Rohee believes government doing a lot to fight corruption

Rohee believes government doing a lot to fight corruption

Home Affair Minister Clement Rohee has defended government’s corruption fighting efforts while at the same time disagreeing with recent comments by outgoing British High Commissioner Andrew Ayre on the subject.

High Commissioner Ayre in a recent interview said the ruling People’s Progressive Party Civic (PPP/C) government was not doing enough to fight corruption and as a consequence, the country faces a stark threat from organized crime which needs a far greater allocation of resources.

The British Diplomat cautioned the administration that “the best way to attract UK and other developed world investment is to have the best possible business environment and the least possible corrupt environment.”

He told the Stabroek News that “the effort is not strong enough. There needs to be engagement with Transparency International (TI) and with partners that are interested in improving transparency in Guyana.”

But according to Rohee, the High Commissioner’s comments are unfair since he made no mention of what the administration has done but only outlined areas of lack.

“I don’t agree with him because I don’t think he has said what we have done, he may have said what we have not done, which is quite okay but in order to balance that off he ought to have pointed out what we have done in the fight against corruption,” Minister Rohee said.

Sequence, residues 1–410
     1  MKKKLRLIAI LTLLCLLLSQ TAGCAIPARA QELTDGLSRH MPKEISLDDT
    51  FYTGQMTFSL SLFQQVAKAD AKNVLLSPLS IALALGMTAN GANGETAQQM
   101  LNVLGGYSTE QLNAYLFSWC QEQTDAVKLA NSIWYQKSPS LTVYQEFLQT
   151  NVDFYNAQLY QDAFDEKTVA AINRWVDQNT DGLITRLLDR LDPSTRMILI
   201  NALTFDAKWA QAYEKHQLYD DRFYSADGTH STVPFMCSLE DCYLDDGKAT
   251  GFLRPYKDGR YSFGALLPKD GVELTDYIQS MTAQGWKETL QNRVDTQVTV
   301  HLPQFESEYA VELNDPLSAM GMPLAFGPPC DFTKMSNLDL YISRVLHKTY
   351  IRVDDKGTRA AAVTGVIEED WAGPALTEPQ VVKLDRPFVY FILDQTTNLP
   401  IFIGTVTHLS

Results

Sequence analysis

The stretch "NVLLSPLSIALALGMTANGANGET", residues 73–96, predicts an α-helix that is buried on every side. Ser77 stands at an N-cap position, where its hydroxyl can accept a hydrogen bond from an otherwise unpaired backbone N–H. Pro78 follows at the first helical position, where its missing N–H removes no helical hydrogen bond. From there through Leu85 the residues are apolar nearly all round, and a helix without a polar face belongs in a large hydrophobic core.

The British Diplomat believes that corruption was negatively impacting Guyana since it is being denied investments needed for development.

To this end, Rohee said the High Commissioner has not facilitated any healthy discourse on the issue and believes his comments are unbalanced and biased.

The Minister recalled statements made by President Donald Ramotar at the weekend on corruption where he did not deny that corruption exists in Guyana but whenever it is encountered it is dealt it accordingly.

Rohee said the PPP/C does not condone corrupt practices as a matter of policy.

“We do not support corruption as a matter of policy, however if anyone has evidence… bring it forward and we act on it.”

The High Commissioner had recommended that the administration work with local corruption fighting body, Transparency International (TI); an organization the government has rejected as being biased and has consequently distanced itself from.

At the close of 2014, Guyana’s corruption perception ranking moved slightly in a positive direction, but it is still listed in the very corrupt category in the Transparency International Corruption Perceptions Index.

In the 2014 results, Guyana remains far behind its Caricom peers placing 124th out of 175 countries. The only Caricom country that is doing worse than Guyana is Haiti which placed 161. Guyana and Haiti have traditionally been at the bottom of the rankings.

A country or territory’s score indicates the perceived level of public sector corruption on a scale of 0 (highly corrupt) to 100 (very clean). Guyana’s score this year was 30 compared to 27 last year and 28 the year before.

Filed: 2nd February, 2015

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